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  1. #1

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    Schneider barrel mounts can have their maximum aperture adjusted!

    Hello friends,

    today I was playing with Schneider 105/4.5 Componar. I have the cells, and the size 0 barrel (BK0, Blendenkorper 0 according to Schneider datasheet) - with maximum aperture 9. The iris didn't open completely, and that frustrated me very much. When I took the assembly apart, I found that iris can be fully opened and closed, or allowed to open just to the maximum size needed! In other words, Schneider made one barrel for all their 0-sized lenses, and changed only the aperture markings on setting ring. To adjust the max aperture, I loosened five screws on a brass keeping plate inside, and carefully moved the center ring (to which the front cell was screwed) just until the iris blades were invisible through the front, and the setting ring was on 9 stop. That was the maximum aperture - 4.5 in my case. I tightened the screws, and reassembled everything together. The result: I have a fully functional lens, the only thing I have to do is to write a new iris scale on this barrel. 9 corresponds now to 4.5, 11 is 5.6, and 64 is 32 - more than enough to me. I think the 1 sized barrel has the same scheme. So if you have a Schneider barrel mount that you would use with some other cells, you can adjust its aperture to some desired value.

    Good luck, and cheers from Moscow - Zhenya

  2. #2
    Donald Qualls's Avatar
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    The Russian genius strikes again!
    Photography has always fascinated me -- as a child, simply for the magic of capturing an image onto glossy paper with a little box, but as an adult because of the unique juxtaposition of science and art -- the physics of optics, the mechanics of the camera, the chemistry of film and developer, alongside the art in seeing, composing, exposing, processing and printing.

  3. #3

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    Interesting.

    I wonder what's wrong with the Schneider barrels I've had. Three held 240/9 G-Clarons, one held 55/8 Repro-Claron, one held 135/5.6 Symmar. All had diaphragms that opened all the way and aperture scales to match the lens. So the first four opened wider that the largest marked aperture.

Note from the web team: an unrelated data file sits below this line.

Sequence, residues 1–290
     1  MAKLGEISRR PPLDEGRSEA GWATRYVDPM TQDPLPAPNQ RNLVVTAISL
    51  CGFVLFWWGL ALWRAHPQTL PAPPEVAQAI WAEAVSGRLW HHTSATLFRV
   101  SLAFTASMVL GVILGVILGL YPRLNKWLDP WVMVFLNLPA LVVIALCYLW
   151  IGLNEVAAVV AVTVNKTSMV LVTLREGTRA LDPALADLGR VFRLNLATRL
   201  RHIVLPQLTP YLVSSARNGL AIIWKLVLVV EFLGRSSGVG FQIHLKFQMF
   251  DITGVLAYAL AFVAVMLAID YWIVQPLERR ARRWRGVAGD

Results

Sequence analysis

4. #4

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    Dan,
    the inner construction of those barrels is typically German - plenty of unneeded complications and something important being overlooked In my barrel mount all five heads of the screws keeping the inner delimiting plate in place were damaged - quite incredible for German assembly! But I know why they're damaged - the max aperture depends on the position of the threaded ring that contains the front lens cell, so if the screws are not tight, the aperture goes off when the cell is screwed in with too much torque. There's no other stopping screws, keeping everything in factory set ordnung, can you imagine that? Only five screws and a brass thin plate keeps everything together, in an indirect way. The Schneider barrel was designed with a serious construction flaw, that's it. Maybe thanks to this flaw (the max aperture opening can be screwed up with too much torque) your barrels open up for too much. My 240/9 G-Claron barrel doesn't open to full on 9 setting, that's for sure - I got this barrel, too.

    Quote Originally Posted by Dan Fromm
    Interesting.

    I wonder what's wrong with the Schneider barrels I've had. Three held 240/9 G-Clarons, one held 55/8 Repro-Claron, one held 135/5.6 Symmar. All had diaphragms that opened all the way and aperture scales to match the lens. So the first four opened wider that the largest marked aperture.



 

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